"I'd get my runs down and then I'd be told I wasn't taking enough wickets. So it felt like I had to be perfect - go for two an over and take five-for" Morne de Klerk / © Getty Images
"Whereas someone like Brett [Lee] made me feel like he was part of it. Watto [Shane Watson] made me feel like I was part of it. But there weren't really many others who stood out and made you feel 'I've got your back, you're part of this.' Pretty difficult."
Nielsen, at least publicly, was supportive. Midway through the Test, he gave an assessment that sounded for all the world like Krejza was a long-term project. "With time and given the opportunity, we will see a real Test player coming out of him,'' he said. "In his two Test matches so far he has shown a tremendous willingness to just stick at the game. He has been under pressure at times with the ball but he just keeps running in and doing the things we asked of him, trying to get the ball up into the breeze.
While neither Nielsen nor Ponting were selectors, these words were to prove empty when South Africa pulled off their record fourth-innings chase. "I was dropped literally two hours after the game," Krejza says. "We finished the game, did recovery, I think we had our stuff with us already and we went to the airport, and that's when I had the call.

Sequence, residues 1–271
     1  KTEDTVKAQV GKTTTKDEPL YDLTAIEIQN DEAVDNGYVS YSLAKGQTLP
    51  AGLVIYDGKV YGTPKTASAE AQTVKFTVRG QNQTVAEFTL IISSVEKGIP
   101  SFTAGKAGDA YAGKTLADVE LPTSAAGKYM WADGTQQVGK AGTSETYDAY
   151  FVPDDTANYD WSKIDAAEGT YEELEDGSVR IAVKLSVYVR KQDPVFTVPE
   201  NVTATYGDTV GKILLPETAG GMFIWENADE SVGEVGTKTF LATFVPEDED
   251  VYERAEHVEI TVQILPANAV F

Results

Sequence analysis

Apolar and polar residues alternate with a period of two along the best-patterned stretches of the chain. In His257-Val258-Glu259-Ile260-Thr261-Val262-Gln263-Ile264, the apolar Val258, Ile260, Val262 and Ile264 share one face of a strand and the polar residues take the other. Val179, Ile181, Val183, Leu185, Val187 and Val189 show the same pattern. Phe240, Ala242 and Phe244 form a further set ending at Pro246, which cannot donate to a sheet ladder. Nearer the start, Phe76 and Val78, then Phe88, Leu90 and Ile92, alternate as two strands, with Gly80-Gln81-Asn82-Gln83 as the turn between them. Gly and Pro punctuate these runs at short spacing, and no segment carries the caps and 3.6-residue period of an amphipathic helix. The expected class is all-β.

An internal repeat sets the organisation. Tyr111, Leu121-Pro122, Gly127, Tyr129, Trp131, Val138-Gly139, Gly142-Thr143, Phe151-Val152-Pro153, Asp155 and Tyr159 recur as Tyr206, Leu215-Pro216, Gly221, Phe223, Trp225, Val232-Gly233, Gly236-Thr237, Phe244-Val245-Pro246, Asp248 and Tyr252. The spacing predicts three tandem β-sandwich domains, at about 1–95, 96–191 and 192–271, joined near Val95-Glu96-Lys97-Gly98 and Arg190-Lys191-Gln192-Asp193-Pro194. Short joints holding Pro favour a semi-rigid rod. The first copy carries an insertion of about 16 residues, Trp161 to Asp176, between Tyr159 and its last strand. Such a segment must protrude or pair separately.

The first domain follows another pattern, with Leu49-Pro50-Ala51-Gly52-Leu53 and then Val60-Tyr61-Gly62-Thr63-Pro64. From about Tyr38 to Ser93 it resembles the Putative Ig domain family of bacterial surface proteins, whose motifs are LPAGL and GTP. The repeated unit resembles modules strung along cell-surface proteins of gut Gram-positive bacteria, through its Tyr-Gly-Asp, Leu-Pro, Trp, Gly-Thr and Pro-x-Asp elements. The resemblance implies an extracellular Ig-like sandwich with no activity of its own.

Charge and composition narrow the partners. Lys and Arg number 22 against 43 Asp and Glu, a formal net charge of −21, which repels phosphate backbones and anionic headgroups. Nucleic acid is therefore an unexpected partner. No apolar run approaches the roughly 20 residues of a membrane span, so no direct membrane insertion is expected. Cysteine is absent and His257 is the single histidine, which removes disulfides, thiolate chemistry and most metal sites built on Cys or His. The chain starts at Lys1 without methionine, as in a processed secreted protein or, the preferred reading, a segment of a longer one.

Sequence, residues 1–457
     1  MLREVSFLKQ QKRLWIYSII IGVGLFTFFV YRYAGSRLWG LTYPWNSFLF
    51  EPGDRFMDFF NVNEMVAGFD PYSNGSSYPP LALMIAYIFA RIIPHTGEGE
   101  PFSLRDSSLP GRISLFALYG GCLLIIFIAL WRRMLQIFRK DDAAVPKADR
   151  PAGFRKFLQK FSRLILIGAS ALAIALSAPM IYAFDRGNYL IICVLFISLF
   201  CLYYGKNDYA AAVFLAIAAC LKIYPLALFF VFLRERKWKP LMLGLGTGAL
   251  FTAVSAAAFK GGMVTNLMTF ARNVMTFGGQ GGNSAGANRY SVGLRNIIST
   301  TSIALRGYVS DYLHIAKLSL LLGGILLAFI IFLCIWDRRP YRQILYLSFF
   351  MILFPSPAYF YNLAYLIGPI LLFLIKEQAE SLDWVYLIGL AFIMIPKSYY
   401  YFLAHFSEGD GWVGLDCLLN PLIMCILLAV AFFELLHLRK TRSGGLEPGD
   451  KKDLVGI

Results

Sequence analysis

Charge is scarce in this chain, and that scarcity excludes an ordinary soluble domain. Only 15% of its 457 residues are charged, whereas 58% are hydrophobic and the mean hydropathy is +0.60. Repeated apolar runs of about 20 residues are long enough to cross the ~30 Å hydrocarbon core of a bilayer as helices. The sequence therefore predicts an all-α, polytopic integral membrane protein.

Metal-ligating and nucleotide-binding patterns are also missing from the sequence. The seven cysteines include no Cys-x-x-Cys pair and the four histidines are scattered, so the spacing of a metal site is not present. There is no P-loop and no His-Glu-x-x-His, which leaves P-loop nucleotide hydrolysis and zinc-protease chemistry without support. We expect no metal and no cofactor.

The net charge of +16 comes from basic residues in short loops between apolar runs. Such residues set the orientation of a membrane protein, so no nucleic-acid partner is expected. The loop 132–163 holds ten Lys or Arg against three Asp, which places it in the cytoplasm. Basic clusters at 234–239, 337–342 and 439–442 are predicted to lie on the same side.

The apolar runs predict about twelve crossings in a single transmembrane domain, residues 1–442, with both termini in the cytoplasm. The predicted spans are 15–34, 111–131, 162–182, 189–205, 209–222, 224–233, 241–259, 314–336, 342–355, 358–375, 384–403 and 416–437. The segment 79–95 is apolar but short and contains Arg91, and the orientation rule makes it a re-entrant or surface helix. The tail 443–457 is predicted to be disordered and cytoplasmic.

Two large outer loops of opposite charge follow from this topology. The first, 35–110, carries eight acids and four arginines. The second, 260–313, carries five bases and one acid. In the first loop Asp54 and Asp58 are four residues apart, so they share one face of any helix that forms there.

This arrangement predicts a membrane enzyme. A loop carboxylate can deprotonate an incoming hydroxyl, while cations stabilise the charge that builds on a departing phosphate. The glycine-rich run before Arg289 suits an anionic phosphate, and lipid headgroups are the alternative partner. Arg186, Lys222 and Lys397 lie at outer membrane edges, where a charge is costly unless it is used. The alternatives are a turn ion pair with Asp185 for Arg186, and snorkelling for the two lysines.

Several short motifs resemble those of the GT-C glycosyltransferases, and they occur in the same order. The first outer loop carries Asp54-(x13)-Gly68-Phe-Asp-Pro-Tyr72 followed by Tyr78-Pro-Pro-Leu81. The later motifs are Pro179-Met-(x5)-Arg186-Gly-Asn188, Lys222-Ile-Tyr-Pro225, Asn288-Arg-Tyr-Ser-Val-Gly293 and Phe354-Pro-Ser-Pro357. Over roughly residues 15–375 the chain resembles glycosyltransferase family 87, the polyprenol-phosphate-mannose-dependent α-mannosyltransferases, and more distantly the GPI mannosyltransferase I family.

"I remember telling Brett - we'd hang out a lot - and he just said, 'No way mate, you wouldn't be dropped now, that's way too quick, stop joking around', and just wouldn't believe me until I showed him my phone. He was visibly really upset. It was a huge kick in the teeth, missing the Boxing Day Test. A pretty quick exit."
In Krejza's mind, his chances receded so quickly that he never really considered himself a chance to be recalled for the SCG Test that summer, though the pitch there promised something like the assistance he had been able to capitalise upon in Nagpur. "I didn't really think about that, it was almost like that was me struck off," he says. "That's what it felt like anyway, particularly how quick it was and the lack of communication afterwards - the phone went dead.
"I loved bowling in Sydney, I played a lot there, and the SCG's my favourite ground in the world. So I know I would have felt good there, and I would've had time to get my ankle right and bowl a ton to get myself ready, but it didn't even feel like that was going to happen."
History records that Australia lost in Melbourne, won a dead Test in Sydney, and then defeated South Africa on their home soil in early 2009 without even choosing a spin bowler in the XI. Hauritz, a more economical offspin bowler, would cling on to a place in the team and the squad for the next two years, but struggled to retain the faith of captain coach and selectors for lacking the attacking weapons Krejza possessed. It's a paradox Krejza has wrestled with ever since.